Comments

  1. Jean West says

    A quest. Big quest, little quest, a challenge gets my juices flowing. I’ve already “come alive” this morning, writing a scorcher to the homeowner association’s management company because they aren’t weeding the back of their beds and the weeds are now in my lawn. When my father developed weeping edema (naturally on a weekend evening) I went online and found a hospital wound manual and started treating it. When I saw Arthur’s Seat in Edinburgh, I knew I had to climb it. When I found a map of Custer’s battlefield that couldn’t have been made without input from Native Americans, I hounded my co-workers at the National Archives until we solved the mystery (the map was made six months later after interviews with some of Sitting Bull’s warriors who turned themselves in.) When I start a jigsaw puzzle, I don’t give up until I finish it. It’s one of the reasons why the prompts work well for me, as well as the National Novel Writing Month with its crazy word count goal each November. Whether it’s a quest I assume willingly or one placed upon me, the adrenaline flows, the neurons fire, and I come alive—although not with as classy a hair-do as Frankenstein’s Bride!

  2. Mary Ann Young Robinson says

    When the sun caresses my skin, it is almost like my best friend throwing her arms around me when I need care. Both are important to me in feeling well and blessed. I have always been a person who gets bored easily, I remember always talking and getting in trouble in elementary school, basically because I was so bored. I enjoy putting colors together whether it is a home project or a wardrobe project, the color spectrum excites me and satisfies me when accomplished. I will walk the mall or shops for a certain scarf, shoes, or other item until I am half dead…but when I find it?? I am ecstatic! I love meeting new people and most of my younger life I would thrive on being social and making new friends. I am partially disabled now, and it affects my everyday life so I have down-sized my activities. My husband encourages me when I am in the dumps, can’t get sun, vitamin D is low…I am appreciating more of God’s creation in flowers, birds, animals of all sorts, but that may be because I am getting old!

    I am still struggling with beginning paragraphs of a work and not giving up because I think my story may not be good for others. I worry too much about what others think…but, they might be the readers, so how can I not?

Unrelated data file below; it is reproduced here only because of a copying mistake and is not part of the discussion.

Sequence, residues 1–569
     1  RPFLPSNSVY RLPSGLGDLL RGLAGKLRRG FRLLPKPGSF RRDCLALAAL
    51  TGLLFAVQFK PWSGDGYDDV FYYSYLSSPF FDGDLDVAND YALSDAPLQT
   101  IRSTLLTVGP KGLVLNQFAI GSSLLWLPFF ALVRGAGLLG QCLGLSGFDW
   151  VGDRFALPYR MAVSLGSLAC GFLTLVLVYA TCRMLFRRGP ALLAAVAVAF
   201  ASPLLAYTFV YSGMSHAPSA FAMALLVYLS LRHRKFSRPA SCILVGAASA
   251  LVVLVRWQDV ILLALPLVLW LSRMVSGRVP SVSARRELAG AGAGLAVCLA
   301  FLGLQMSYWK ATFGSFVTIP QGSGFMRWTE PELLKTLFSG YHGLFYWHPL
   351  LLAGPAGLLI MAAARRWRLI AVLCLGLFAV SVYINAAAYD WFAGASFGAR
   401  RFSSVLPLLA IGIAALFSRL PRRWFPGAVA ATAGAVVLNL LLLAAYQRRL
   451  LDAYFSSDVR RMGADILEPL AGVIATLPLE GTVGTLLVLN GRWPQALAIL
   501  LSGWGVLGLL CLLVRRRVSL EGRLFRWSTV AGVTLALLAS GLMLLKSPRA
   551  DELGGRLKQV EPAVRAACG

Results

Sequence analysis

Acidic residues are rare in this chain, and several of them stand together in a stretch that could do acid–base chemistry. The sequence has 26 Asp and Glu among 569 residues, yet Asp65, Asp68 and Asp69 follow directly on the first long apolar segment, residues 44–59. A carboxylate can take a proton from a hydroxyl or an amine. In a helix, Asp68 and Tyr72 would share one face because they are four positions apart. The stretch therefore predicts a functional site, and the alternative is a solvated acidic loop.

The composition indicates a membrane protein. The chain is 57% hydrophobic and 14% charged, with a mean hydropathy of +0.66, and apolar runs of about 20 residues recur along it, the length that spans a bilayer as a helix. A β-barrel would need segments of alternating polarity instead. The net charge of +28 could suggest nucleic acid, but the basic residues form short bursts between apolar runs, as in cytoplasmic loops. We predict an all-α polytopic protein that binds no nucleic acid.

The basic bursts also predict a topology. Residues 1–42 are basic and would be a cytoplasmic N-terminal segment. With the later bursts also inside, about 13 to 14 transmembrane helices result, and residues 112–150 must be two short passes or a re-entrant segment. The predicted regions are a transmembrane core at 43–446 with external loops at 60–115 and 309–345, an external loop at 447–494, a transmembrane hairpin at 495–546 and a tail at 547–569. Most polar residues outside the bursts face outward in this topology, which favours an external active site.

• says

      Trust your voice, Mary Ann. Make your stories good for you. Start there. If you have the critic sitting on your shoulder as you write, you will never get any traction in your work.

  3. Ann Volkov says

    Chilly mornings in the mountains makes my whole being come alive. Physically with adrenaline, mentally with awareness and spiritually with awe of God’s creation. When there is a nip in the air, fog floating through the pine trees, dew dripping from the points of the needles on the Douglas Firs, I am in my element. I wish I could bottle the aroma of the wet leaves mixed with fresh dirt and pine and bring it home with me. I would open the bottle on those dreaded hot Southern California days, take a whiff and be transformed back into the mountains.

  4. Joy says

    What makes me come alive is when I’m writing a story that I can not only continue writing for more than one hour if I want to, but also in the hope that the subjects I’m writing about can make a difference in peoples lives, maybe help them see something in a whole new way that they’ve never thought before.

  5. Joy says

    Besides writing, noticing the beauty of nature all around me also makes me feel the most alive.I wish there’s a way to add this to what I’ve already written, but oh, well.

  6. Beverly Boyd says

    What makes me alive?
    Gardening!
    I’m not very good at it. I’m not very consistent: spending a few obsessive days, then being distracted by something else that made me alive. It may be weeks before I do any more. I’ve learned to foster plants that thrive; in the local environment, that can take periods of neglect; maybe even grow stronger for it. The plants in the garden are much like my seven children, now grown. I enjoyed noticing how they wanted to grow and encouraged those behaviors. They learned to be very independent at an early age, taking care of themselves and each other to accommodate my busy and varied schedule. I called it “benign neglect”. I was always near enough if needed. My garden and my children bloom, go through periods of dormancy and bloom again.

    When I work in the garden I find myself in meditation as I notice the ways of the plants. The bur clover that, like my “character defects” has a way of coming back and creating a matted mess if I don’t pay attention. So, If I do nothing else, I ruthlessly pull out any new growth of it as soon as I see it.